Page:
Make us your home page
Instagram

Today’s top headlines delivered to you daily.

(View our Privacy Policy)

Mother delivers baby on Interstate 4, trooper assists

TAMPA — Latoya Desamour continued teaching until the contractions became too much.

Though the due date for her fourth child was Sunday, it appeared the baby wasn't going to wait. She drove home to Brandon on Tuesday morning from Summerfield Elementary in Riverview and set up a 12:15 p.m. appointment at St. Joseph's Hospital.

She didn't make it.

At 12:20 p.m., as her husband drove 90 mph on Interstate 4, Desamour gave birth in the front seat of their gray Chrysler Pacifica.

Her loud screams terrified her husband, Wiclef Desamour, 35, who didn't know whether to drive faster or stop.

"Pull over!" she yelled. He did, on the grassy median.

Wiclef spotted a Florida Highway Patrol trooper, who was investigating a traffic crash on I-4 near U.S. 301.

"The baby's here! The baby's here!" the father remembers yelling at the trooper, while wildly waving his arms.

Trooper Dennis Rich jumped over the median rail and pulled on gloves. By that point, the baby girl was letting out healthy cries. The trooper looked over the child, checked her breathing and sat her up on her mother's lap.

He assisted until paramedics arrived and whisked the family to the hospital.

The infant was perfectly healthy. Her name is Arabella.

Though troopers are law enforcement officers, they are trained to be first-responders in medical situations when necessary. Speaking through the agency's spokesman, Rich declined to talk to a reporter Tuesday, saying simply, "I was just doing my job."

Latoya Desamour, 34, and her husband add Arabella to their family, which also includes a 7-year-old daughter, 5-year-old son and 18-month-old daughter.

Jessica Vander Velde can be reached at [email protected] or (813) 226-3433.

Mother delivers baby on Interstate 4, trooper assists 09/24/13 [Last modified: Tuesday, September 24, 2013 9:19pm]
Photo reprints | Article reprints

© 2017 Tampa Bay Times

    

Join the discussion: Click to view comments, add yours

Loading...
  1. Tampa Bay small businesses give Tampa B+ for regulatory climate

    Corporate

    In a recent survey about small business sentiments toward state and local government policies that affect them, Tampa Bay ranked at No. 25 out of 80 — a B+ overall.

    Tampa Bay ranked No. 25 out of 80 in a recent survey about how small business owners feel about state and local government policies that affect them. | [Times file photo]
  2. Dirk Koetter to Bucs: Take your complaints to someone who can help

    Bucs

    TAMPA — It was just another day of aching bellies at One Save Face.

    Dirk Koetter: “All of our issues are self-inflicted right now.”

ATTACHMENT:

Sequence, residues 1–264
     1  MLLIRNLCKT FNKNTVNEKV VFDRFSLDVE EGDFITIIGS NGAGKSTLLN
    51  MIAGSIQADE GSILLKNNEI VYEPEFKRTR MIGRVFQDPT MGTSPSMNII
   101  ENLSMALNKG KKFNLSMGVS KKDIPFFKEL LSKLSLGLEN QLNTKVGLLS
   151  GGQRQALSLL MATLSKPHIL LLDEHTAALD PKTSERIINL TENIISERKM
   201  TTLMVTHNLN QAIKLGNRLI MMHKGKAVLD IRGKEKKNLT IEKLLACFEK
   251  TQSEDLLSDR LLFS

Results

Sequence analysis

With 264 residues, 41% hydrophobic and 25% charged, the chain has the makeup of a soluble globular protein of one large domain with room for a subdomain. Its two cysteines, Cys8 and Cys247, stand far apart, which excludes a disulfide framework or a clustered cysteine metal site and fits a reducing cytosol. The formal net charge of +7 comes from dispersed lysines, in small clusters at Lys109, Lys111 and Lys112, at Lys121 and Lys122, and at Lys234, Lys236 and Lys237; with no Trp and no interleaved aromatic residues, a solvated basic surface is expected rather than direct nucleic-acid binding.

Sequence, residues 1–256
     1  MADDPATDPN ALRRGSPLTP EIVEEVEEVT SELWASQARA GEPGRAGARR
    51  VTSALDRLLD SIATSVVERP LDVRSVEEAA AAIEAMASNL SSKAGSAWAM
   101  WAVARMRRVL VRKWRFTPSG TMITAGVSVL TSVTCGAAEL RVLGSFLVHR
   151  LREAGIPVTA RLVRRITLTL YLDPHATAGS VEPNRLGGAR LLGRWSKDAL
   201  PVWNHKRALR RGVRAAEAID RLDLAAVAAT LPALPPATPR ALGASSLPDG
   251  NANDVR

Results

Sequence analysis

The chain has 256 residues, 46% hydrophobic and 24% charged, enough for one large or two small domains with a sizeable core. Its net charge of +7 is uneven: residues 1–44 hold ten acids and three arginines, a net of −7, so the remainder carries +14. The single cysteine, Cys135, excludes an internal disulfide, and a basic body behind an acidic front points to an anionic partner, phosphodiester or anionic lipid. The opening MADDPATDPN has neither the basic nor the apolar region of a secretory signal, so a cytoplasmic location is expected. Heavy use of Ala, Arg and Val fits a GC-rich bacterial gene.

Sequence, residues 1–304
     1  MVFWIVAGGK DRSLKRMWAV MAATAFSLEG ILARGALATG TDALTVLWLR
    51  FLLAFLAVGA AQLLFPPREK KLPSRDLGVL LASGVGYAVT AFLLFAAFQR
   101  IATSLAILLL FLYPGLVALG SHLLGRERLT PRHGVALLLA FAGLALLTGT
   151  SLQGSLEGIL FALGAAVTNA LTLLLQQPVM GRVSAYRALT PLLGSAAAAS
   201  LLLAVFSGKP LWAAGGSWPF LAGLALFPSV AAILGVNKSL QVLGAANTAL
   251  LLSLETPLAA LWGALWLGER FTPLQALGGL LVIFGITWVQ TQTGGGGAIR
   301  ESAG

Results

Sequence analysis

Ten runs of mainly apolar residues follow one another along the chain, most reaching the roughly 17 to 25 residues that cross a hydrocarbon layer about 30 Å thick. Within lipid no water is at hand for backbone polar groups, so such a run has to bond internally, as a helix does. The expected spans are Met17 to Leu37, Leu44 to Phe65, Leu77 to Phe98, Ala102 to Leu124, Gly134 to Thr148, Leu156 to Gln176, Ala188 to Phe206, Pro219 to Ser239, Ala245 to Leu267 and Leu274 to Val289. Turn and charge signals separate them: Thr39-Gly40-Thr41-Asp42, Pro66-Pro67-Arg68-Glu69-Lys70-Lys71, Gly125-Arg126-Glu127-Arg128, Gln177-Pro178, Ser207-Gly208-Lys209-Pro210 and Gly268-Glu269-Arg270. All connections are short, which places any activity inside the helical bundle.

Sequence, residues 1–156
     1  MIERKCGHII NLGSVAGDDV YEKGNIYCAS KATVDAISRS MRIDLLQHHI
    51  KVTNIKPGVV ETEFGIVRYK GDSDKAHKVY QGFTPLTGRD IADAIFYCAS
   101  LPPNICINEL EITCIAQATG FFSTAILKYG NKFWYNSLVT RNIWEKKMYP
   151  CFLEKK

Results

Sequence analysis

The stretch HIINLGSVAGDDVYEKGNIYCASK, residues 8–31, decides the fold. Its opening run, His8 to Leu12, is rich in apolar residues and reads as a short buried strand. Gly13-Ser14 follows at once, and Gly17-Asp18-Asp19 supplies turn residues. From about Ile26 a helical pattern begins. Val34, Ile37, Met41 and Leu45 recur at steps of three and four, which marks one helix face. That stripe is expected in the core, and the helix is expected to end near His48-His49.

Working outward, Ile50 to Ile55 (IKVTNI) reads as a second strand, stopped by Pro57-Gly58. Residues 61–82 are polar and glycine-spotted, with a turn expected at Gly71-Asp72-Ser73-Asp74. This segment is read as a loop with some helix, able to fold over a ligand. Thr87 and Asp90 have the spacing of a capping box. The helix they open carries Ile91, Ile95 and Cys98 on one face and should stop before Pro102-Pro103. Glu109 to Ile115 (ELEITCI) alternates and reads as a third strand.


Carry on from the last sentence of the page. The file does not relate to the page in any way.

3. Seminole Heights murders: fear and warnings, but no answers

    Crime

    TAMPA — Interim Tampa police Chief Brian Dugan elicited loud gasps from the crowd of about 400 who showed up at Edison Elementary School on Monday night to learn more about the string of unsolved killings that have left the southeast Seminole Heights neighborhood gripped by fear.

    Kimberly Overman, left, comforts Angelique Dupree, center, as she spoke about the death of her nephew Benjamin Mitchell, 22, last week in Seminole Heights. The Tampa Police Department held a town hall meeting Monday night where concerned residents hoped to learn more about the investigation into the three shooting deaths over 11 days in southeast Seminole Heights. But police could give the crowd at Edison Elementary School few answers. [OCTAVIO JONES   |   Times]
  4. Juvenile justice reform seen as help for teen car theft problem

    Crime

    ST. PETERSBURG — One of Tampa Bay's largest religious organizations has decided to make reforming the juvenile justice system one of its top priorities for next year.

    One of Tampa Bay's largest religious organizations, Faith & Action for Strength Together (FAST), voted Monday night to make reforming the juvenile justice system one of its top priorities for next year. FAST believes civil citations could help Pinellas County?€™s teen car theft epidemic by keeping children out of the juvenile justice system for minor offenses. [ZACHARY T. SAMPSON  |  Times]
  5. U.S. general lays out Niger attack details; questions remain (w/video)

    War

    WASHINGTON — The U.S. Special Forces unit ambushed by Islamic militants in Niger didn't call for help until an hour into their first contact with the enemy, the top U.S. general said Monday, as he tried to clear up some of the murky details of the assault that killed four American troops and has triggered a nasty …

    Gen. Joseph Dunford said much is still unclear about the ambush.